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Our Urban/Rural Political Divide is Both New — And Decades In The Making

Policies dating to the 1930s have helped shape the conflict defining today’s politics.

The 2020 election revealed a stark divide between rural and small-town voters — who overwhelmingly supported Republicans — and those in cities and suburbs, who favored Democrats. In 2020, this growing pattern enabled Joe Biden to capture formerly safe Republican states like Georgia and Arizona, while President Donald Trump targeted longtime Democratic-bastion Minnesota.

This “geographic sort” between metro and non-metro areas has also played out across issues including variations in coronavirus vaccination rates, ongoing legislative redistricting fights and people’s very identities, with many extolling the virtues of hailing from a city or the country, and feeling alien from those living in the opposite circumstance.

Today’s blue/red divide then plays out not between regions — as we saw in the famous 2000 electoral map, which introduced the concept of such divisions and pitted red states vs. blue ones — but between metropolitan and rural areas within states.

Although this shift has become apparent in the last 10 years, its origins lie in policy choices by both parties that can be traced back to the 1930s.

Nearly 90 years ago, the New Deal laid the foundation for modern metropolitan regions. At the time, manufacturing industries based in the Northeast and Upper Midwest dominated the U.S. economy. Rural areas were highly agricultural or remained mostly undeveloped.

The vast public works projects implemented under President Franklin D. Roosevelt built roads, water projects, schools, airports and other important infrastructure. Such efforts shaped cities and rural areas alike, and the latter benefited in particular from electrification efforts like the Tennessee Valley Authority. But together, New Deal projects in previously poor, underdeveloped sections of the country like the South and Mountain West ignited more advanced forms of economic growth.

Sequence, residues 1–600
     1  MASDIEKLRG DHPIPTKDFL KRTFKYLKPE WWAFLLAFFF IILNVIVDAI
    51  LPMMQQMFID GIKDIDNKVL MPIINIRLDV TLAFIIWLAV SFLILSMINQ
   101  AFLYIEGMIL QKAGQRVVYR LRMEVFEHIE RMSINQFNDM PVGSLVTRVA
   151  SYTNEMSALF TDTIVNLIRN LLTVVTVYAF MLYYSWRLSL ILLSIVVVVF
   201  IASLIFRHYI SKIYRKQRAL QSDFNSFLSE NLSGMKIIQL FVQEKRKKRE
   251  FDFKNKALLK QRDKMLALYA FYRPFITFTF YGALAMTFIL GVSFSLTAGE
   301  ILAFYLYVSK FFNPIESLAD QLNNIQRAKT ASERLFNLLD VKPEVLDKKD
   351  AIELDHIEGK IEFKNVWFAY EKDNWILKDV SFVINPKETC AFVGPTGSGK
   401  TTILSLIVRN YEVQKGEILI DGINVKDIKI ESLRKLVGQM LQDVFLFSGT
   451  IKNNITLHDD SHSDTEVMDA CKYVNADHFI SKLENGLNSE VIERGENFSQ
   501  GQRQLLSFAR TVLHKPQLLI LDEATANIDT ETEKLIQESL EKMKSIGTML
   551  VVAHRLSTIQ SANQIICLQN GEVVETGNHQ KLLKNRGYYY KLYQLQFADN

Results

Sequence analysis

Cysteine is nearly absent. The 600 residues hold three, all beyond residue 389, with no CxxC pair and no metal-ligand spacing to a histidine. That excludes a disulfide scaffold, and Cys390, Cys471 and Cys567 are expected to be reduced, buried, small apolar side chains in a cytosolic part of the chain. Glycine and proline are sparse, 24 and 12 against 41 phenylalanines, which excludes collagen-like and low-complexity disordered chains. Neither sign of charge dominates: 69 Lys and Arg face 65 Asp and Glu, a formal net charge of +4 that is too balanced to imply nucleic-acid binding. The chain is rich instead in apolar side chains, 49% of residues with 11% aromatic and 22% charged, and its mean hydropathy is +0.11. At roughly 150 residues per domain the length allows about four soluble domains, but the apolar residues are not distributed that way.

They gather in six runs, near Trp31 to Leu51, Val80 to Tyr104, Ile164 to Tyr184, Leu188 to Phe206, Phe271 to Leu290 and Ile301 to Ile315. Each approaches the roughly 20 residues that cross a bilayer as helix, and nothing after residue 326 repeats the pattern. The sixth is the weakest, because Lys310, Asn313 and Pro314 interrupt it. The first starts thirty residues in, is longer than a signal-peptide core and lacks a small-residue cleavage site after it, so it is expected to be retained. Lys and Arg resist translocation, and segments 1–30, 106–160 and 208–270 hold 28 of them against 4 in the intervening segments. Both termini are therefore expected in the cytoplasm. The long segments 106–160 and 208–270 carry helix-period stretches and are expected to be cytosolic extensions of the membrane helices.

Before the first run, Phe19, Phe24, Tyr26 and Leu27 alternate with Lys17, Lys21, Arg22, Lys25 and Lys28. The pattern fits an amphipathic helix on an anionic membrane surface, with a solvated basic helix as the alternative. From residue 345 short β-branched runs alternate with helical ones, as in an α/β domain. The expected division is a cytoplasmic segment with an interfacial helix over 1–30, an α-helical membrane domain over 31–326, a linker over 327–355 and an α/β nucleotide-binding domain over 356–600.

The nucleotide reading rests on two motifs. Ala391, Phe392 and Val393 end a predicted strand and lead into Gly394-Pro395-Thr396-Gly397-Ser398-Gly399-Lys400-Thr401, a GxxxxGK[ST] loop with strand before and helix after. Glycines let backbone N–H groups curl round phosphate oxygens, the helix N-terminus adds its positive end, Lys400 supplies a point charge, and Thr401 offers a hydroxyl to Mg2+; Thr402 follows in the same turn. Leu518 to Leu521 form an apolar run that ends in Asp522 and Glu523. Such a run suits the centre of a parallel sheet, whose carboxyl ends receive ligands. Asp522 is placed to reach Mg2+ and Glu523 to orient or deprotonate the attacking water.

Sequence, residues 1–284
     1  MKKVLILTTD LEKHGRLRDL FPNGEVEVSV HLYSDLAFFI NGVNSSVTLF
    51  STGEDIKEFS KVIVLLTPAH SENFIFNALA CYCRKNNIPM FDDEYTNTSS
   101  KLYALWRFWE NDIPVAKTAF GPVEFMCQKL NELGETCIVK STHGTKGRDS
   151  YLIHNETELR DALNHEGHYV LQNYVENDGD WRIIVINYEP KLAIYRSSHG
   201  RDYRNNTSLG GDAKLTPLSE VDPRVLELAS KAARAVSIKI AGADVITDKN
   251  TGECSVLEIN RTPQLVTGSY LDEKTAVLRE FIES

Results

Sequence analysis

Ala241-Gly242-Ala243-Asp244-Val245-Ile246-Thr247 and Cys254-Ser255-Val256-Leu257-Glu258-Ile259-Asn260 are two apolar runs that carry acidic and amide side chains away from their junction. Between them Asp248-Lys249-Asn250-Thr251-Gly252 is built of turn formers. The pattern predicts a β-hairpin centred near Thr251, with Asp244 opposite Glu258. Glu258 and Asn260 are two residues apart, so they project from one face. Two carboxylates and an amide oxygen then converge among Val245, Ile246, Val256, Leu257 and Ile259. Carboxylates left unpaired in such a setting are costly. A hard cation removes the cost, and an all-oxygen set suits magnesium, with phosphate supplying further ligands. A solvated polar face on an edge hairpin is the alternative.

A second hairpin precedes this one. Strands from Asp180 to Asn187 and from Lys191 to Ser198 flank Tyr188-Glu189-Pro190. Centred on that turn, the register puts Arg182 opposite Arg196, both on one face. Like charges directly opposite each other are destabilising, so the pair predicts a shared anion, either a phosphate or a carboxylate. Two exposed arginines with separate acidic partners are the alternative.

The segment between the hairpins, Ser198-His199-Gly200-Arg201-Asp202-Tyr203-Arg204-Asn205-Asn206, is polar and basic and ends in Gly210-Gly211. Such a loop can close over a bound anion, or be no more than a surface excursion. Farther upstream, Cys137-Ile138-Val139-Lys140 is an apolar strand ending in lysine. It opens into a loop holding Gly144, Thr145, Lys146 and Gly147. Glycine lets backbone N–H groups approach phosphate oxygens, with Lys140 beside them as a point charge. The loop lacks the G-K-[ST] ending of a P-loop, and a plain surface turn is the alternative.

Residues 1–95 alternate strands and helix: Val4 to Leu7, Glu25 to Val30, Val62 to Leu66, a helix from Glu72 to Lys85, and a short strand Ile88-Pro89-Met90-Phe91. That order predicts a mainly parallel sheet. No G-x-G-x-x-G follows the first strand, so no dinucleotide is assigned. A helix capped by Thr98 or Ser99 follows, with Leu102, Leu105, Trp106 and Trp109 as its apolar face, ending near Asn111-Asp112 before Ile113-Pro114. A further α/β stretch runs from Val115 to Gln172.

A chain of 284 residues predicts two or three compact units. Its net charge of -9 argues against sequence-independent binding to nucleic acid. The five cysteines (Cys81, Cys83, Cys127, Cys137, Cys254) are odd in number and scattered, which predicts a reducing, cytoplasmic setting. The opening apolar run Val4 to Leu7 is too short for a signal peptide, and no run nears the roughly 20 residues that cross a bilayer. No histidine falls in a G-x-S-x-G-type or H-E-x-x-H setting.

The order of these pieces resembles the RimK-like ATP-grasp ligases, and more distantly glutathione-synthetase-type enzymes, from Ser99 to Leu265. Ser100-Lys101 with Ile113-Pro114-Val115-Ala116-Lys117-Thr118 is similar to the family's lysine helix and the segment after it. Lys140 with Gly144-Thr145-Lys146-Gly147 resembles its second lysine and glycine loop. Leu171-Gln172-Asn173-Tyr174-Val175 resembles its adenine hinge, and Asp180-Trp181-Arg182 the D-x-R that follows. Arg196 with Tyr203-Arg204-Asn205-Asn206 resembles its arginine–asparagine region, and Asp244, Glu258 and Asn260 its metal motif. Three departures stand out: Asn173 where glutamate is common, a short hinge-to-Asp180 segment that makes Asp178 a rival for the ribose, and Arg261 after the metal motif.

After World War II, the Eisenhower administration brought interstate highways to the United States, further solidifying these once isolated regions’ connection to the national economy. The highways allowed trucking to emerge as a primary means of shipping goods. This facilitated the growth of factories and distribution centers in areas that had been largely beyond the reach of rail. The Atlanta metropolitan region, for example, is now ranked by one industry assessment as the country’s top location for distribution centers.

The federal government also facilitated the postwar construction of airports through federal-local matching grants, and, beginning in 1970, an airport development trust fund financed through taxes on tickets and fuel, along with other fees and surcharges. Easy access to airports like Atlanta’s Hartsfield-Jackson International made it possible to move people and commercial goods rapidly around the country, decreasing place-based dependence on the old financial and business centers of the Northeast.

The result: the South and Mountain West could suddenly compete on a national and even a global economic stage.